Wolfgang: D&D Next provides a lot of support for “theatre of the mind,” also known as running your game without minis. I’ve found this extremely enjoyable in online games using Google Hangouts. Is that form of online play a design goal?
Mike: I’m not sure if it started as a design goal, but since many of our playtests took place using Hangouts it helped evolve it that way. When you don’t have minis and grids to represent things, it forces you to make sure that your rules don’t require them. So I think a good way to think of it is that if playing via Hangout works, then the game should also work fine if you and your players want to sit on couches in your TV room without a table, or while driving to GenCon, or wherever.
This week sees the launch of the Midgard Bestiary, which the talented and monster-savvy Adam Daigle has sweated blood and tears over for us! We took some more time out of Adam’s schedule to ask him some questions about monsters and more, and he was gracious enough to throw some very tasty bones our way in the form of answers. Come help us pick these particular bones clean by reading this interview with him!
So, monsters. All right-thinking people love them. Why do you love them?
I think I fell into loving them, actually. Designing monsters was one of the first freelance gigs I was given, so I ran with it. As you know, I pitched and got to write some monsters for a few Open Design projects and got a few into Monster Monday blog posts. I have always enjoyed monsters, both in real world folklore and in the game. Before I even played the game properly, my cousin and I would constantly look through the old Monster Manuals, and even before that, as a kid, I would always check out the big illustrated books about animals. I’ve always had a thing for critters—the creepier the better.
Gods and demons are a vital part of the swords and sorcery genre – as are their followers. Conan battles evil priests while swearing, “By Crom!” Elric surges into combat promising blood and souls for his divine patron Arioch. Fafhrd and the Gray Mouser often find themselves pawns in the schemes of Nehwon’s conniving gods.
Kobold Quarterly #21 delves into the roles played by the divine in your campaign, featuring David “Zeb” Cook on using mystery cults in your game, Tim and Eileen Connors on soul-shredding clerical dilemmas, Marc Radle’s new shaman base class for Pathfinder RPG, and an ecology of the succubus with new feats, powers and traits for D&D.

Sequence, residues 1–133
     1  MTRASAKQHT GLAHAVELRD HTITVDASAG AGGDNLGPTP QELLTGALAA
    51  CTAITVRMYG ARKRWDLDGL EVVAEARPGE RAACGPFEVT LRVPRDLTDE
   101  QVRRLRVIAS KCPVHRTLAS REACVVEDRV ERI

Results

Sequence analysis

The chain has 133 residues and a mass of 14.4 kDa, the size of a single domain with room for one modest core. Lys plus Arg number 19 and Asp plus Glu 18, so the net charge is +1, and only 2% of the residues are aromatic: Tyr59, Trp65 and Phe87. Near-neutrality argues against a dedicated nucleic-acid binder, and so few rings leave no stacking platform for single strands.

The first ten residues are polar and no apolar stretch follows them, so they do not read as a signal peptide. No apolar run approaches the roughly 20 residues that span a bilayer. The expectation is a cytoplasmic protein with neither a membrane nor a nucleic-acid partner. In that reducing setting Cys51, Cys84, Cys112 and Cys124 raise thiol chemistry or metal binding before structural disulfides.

KQ #21 also features official Pathfinder Society content, robber knights and vile wizards, new Zobeck and Midgard articles, and alchemists, druids, illusions, and seers for the AGE System – and a sultry pinup cover by Kieran Yanner!
Here in the Old Margreve, adorable woodland creatures are running hither and yon…FOR THEIR LIVES. That’s because Kobold Quarterly issue #20 is out today and this time the focus is on archers! With an all-new elven archer base class for Pathfinder RPG, a shadow fey hunting party on the prowl, and new arrows carrying acid, fog and razor filaments, the debate over whether it’s Wabbit Season or Duck Season just became much more energetic.
KQ #20 features Jeff Grubb on the lost elves of Midgard, a Q&A with Journeys to the West lead designer Christina Stiles and a new Zobeck adventure.
There’s also vile Derro ooze magic, new planar allies, AGE system specialties, 4e racial utility powers for gnomes, tieflings and minotaurs, and much more! Here’s the complete contents, after the jump:
To celebrate the release of the Kobold Guide to Board Game Design, we asked some of the world’s top board game designers to tell us about the first game they fell in love with, and whether it still holds up for them today. Today we hear from Andrew Looney.
The first board game I ever fell in love with was Sorry! I have fond memories of playing Sorry (and other board games) with my mom as she sorted laundry. For her, such distractions were a great way of keeping me busy while she also got a few chores done.
Much as I loved Sorry growing up, I hadn’t played it in such a long time that I wasn’t even clear on all the rules anymore. So, we dusted off my old copy, and I fell in love all over again.